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Forest Therapy for Psychiatric Patients

Mental health problems can occur in anyone. These problems may arise from various internal and external factors such as financial difficulty, family pressure, absence or loss of employment, bullying, divorce and others.

Psychiatrists have used various therapeutic approaches, apart from supplying patients with various medications to curb and control their behaviour.

The government through the Ministry of Health Malaysia (MOH) has provided many psychiatric institutions, the means to treat mental patients and to educate the community on the importance of mental health, as well as ways we can play a role in helping patients recover, and be accepted back into society. It is also undeniable that some patients who recover do suffer from relapses of mental stress. 

We are aware that the parametre of psychiatric patients is more controlled in a hospital, and some are isolated for safety purposes. However, for psychiatric patients who are less aggressive, the prisonlike condition in a patient’s room may increase anxiety and mental stress.

Forest therapy is one of the methods practised in developed countries such as Japan, European countries and North America to help alleviate stress faced by mental patients.

In the United States of America, forest therapy is also known as “forest bathing”, and is considered as the latest health therapy method. Amos Clifford, founder of The Association of Nature and Forest Guides Programs, has combined forest therapy techniques with experience or appreciation of nature through meditation and physiotherapy.

Also, in the forest we are able to escape the hustle and bustle; loud noises, and it gives us peace. Prof. Iwao Uehara, a forest therapist from Tokyo University of Agriculture (NODAI), Tokyo, Japan has conducted a research on the behaviour of students studying inside and outside of the classroom. The findings revealed that the green environment outside of the classroom, changed the emotions of the students, making them more receptive to each other’s diversity.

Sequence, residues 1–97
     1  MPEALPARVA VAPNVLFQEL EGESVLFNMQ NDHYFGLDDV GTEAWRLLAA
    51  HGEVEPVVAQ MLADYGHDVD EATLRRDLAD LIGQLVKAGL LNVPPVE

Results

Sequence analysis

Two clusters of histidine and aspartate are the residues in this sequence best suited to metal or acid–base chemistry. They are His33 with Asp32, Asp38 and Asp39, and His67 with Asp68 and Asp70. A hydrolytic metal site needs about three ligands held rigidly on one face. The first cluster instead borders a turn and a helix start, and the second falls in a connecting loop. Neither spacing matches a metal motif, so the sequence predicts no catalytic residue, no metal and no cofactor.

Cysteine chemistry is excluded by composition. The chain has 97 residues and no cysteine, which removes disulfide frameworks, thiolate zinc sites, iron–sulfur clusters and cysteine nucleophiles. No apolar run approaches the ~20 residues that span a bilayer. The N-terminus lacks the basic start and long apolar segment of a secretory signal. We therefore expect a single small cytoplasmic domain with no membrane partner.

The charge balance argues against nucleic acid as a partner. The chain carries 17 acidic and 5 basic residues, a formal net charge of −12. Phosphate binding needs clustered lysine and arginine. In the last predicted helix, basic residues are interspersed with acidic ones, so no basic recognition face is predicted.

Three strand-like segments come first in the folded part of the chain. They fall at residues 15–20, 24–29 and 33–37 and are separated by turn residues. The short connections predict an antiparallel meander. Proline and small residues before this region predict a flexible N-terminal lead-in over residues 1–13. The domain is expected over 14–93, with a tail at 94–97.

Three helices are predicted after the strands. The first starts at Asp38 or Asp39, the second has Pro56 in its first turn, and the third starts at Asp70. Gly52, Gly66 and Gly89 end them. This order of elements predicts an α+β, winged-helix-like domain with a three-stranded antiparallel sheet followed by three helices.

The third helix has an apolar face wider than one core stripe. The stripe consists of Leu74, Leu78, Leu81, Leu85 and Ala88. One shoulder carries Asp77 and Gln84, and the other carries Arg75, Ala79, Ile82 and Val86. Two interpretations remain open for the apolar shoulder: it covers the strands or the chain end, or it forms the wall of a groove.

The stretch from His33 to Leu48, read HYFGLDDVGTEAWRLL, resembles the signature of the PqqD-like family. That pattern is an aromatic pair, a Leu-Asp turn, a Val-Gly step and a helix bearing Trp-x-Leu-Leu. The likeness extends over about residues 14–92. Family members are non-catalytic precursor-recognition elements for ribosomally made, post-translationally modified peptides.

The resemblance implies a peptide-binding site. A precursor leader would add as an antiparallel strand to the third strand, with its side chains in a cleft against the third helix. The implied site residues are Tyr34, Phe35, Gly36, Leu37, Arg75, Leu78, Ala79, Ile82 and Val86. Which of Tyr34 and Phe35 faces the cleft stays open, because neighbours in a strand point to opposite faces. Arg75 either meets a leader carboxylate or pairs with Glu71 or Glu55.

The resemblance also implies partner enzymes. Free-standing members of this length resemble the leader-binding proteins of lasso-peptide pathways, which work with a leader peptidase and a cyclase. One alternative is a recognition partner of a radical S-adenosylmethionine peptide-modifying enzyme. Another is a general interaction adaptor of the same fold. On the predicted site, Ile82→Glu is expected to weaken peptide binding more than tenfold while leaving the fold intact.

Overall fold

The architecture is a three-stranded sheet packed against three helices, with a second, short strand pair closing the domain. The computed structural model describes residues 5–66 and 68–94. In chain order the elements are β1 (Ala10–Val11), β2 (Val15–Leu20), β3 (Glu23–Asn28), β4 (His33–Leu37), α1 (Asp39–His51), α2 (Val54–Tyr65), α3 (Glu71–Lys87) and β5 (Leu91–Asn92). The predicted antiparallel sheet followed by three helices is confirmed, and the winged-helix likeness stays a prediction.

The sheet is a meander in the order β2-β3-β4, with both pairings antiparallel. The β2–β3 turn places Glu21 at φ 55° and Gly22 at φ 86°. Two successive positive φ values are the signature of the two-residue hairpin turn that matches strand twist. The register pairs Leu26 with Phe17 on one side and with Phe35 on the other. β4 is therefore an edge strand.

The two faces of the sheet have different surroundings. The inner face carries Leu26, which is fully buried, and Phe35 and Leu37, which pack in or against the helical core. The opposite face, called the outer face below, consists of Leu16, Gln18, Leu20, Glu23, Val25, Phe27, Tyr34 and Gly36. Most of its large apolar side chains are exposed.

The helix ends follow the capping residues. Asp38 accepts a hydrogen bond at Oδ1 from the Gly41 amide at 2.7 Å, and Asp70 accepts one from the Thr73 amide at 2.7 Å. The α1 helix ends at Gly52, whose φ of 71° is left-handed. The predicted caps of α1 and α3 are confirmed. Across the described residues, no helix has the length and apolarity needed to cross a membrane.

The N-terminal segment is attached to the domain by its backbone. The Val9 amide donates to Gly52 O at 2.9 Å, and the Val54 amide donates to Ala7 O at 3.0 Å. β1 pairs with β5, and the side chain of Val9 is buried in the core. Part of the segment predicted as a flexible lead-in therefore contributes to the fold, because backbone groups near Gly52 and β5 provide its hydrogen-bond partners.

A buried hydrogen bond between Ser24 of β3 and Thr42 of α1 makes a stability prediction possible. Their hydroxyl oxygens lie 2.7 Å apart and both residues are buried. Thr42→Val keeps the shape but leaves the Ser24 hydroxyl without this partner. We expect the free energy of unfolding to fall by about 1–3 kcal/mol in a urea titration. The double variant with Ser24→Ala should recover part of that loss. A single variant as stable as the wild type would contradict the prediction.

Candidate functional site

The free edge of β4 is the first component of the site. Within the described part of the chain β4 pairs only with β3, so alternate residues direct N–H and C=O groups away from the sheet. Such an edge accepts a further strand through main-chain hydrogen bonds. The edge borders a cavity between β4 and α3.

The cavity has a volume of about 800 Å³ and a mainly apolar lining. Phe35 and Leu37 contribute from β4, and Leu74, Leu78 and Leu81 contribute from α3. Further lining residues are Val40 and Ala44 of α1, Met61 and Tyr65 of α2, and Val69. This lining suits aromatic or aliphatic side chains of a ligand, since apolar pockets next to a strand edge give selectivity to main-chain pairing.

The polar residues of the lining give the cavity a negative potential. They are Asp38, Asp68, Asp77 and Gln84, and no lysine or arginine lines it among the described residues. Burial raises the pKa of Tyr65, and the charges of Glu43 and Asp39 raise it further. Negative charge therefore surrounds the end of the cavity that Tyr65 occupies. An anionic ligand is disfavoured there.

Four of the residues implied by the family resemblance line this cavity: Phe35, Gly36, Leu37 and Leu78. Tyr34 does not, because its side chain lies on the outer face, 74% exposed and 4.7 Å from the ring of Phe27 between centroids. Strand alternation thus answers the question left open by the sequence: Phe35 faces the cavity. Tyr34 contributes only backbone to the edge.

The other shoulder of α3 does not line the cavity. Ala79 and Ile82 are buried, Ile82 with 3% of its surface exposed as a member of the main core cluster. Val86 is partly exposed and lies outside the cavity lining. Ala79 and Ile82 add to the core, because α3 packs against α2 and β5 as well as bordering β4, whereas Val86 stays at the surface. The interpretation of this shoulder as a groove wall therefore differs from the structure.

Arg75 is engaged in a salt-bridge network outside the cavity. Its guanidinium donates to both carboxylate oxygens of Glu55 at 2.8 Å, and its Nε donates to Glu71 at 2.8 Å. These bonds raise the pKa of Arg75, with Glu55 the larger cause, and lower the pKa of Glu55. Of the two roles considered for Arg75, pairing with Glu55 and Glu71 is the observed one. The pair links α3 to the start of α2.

Furthermore, it has become a norm and a routine activity for senior citizens in the country of the rising sun, to spend time in gardens filled with greenery as they believe that it will increase longevity and maintain good health.

Most Malaysians live in urban areas as compared to rural areas, therefore we lose out on the health benefits that are only available in rural areas which are filled with greenery.

However, we have a lot of forest areas that can be used as location for forest therapy which would help psychiatric patients. At least, mental patients can spend time in a new place, which gives them more peace and opportunity to carry out personal and interpersonal sharing activities, which include fitness activities in the field with other patients.

The cost of carrying out forest therapy is also not high, as it only requires suitable and accessible forests. Various activities can be structured to observe the recovery responses of patients, before and after the forest therapy is carried out.

In the forest, patients can walk about in peace, in addition to having discussions with other patients. This can reduce stress. Psychologists will also usually have problem sharing sessions with patients who can or dare to express their problems.

Moreover, in the forest, patients often feel ‘free’ to think, as nature has healing properties. For example, meditation is a way of gaining inner peace, but if it is done in places like parks filled with plants or in the forests, meditation becomes a more liberating experience and self-confidence too increases.

Currently, research in the field of forest therapy with Tokyo NODAI is still at the stage of discussion between Prof. Uehara and local psychiatric specialists, as a suitable forest therapy framework is needed to solve the problems faced by psychiatric patients.

Forest therapy is not just an alternative method in helping to deal with mental health problems; it also does not cost much.

 This article was published by Berita Harian on 1 August 2017

 

Dr. Daljit Singh Karam
Faculty of Agriculture, UPM
Email: daljitsingh@upm.edu.my

Updated:: 03/08/2017 [hairul_nizam]

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